- Be sterilised unless owned by a prescribed breeder;
- Be micro-chipped;
- Be registered with the local council where the cat is ordinarily kept; and
- Wear a registration tag, issued by the local government where the cat was registered.
- Verbally request you comply
- Issue a written request
- Issue an infringement notice
- Commence proceedings for a prosecution.
What is the purpose of the new Cat Local Law?
In 2011, the Western Australian State Government introduced legislation called the Cat Act 2011 which requires that all domestic cats 6 months and older must;
Local laws that deal with cats must comply with Cat Act 2011, the Cats Regulations 2012 and the Cat (Uniform Local Provisions) Regulations 2013.
The main purpose of the proposed new Cats Local Law 2016 is to limit the number of cats that may be kept at premises, or premises of a particular type.
Why does the City need this new law?
The purpose of setting a standard number of cats that may be kept is to allow the City the ability should it be required to deal with cases where a resident may keep cats to the extent that while they may not necessarily to be a health hazard or in conditions that might require referral to the RSPCA to examine their welfare, but in such numbers so as to present a nuisance to the community.
The recommended standard number is three; anyone who has more than three cats can keep existing cats that are registered with the City but once and if the local law is made, cannot not add any more or substitute them without approval.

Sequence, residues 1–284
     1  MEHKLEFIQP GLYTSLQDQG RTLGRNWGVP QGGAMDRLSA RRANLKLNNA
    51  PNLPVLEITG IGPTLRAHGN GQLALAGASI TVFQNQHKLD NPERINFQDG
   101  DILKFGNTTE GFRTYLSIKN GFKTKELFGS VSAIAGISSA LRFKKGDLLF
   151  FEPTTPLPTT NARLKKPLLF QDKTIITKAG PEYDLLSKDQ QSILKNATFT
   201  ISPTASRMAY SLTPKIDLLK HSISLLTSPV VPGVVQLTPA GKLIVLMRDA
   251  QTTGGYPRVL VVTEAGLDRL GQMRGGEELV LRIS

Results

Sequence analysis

How many cats will be allowed per premise?
Three cats are allowed under the proposed new Local Law, any more must be approved by the City.
Note that under the City’s existing Health Local Law 2002, no more than 2 cats can be kept – under the proposed new Cats Local Law, this will be increased to three.
What if I have more than three cats?
Under the proposed new Cats Local Law, a permit will be needed from the City to keep more than three cats over the age of 6 months. An application for approval can be made and must be accompanied by an application fee that is listed on the City’s schedule of Fees and Charges. The application will be assessed by the City and approval may be granted.
One of my cats is very old, do I have to add him to the application?
Yes, if you have more than three cats on the premises, the proposed Local Law will apply to all cats.
What if one of my cats has kittens?
A cat that is under 6 months of age is not to be included when calculating the number of cats ordinarily kept at prescribed premises. So kittens under the age of 6 months won't need approval to be kept from the City under the proposed new Local Law.
What is the penalty/fine if someone has more than three cats?
The penalty is a fine of $5,000 if prosecuted.
What happens if I don’t comply with the legislation?
The City of South Perth has a number of options to respond to non-compliance and may take the following steps:
What if I am cat sitting and looking after more than three cats?
Under the proposed new Local Law, limitations to numbers of cats only refers to cats that are on premises they are ordinarily kept, so cat sitting is allowed for a short term.
Should I notify the City if my neighbour has more than three cats?
Yes you can notify the City on 9474 0777 and the City’s Rangers will contact your neighbour. If you are concerned with the welfare of the cats you can also report them to the RSPCA WA.
Who will enforce the Local Law?
The City of South Perth Ranger services will administer and enforce the proposed new Local Law. As is the case with other legislation, its success depends on the level to which this is done and the support from the community.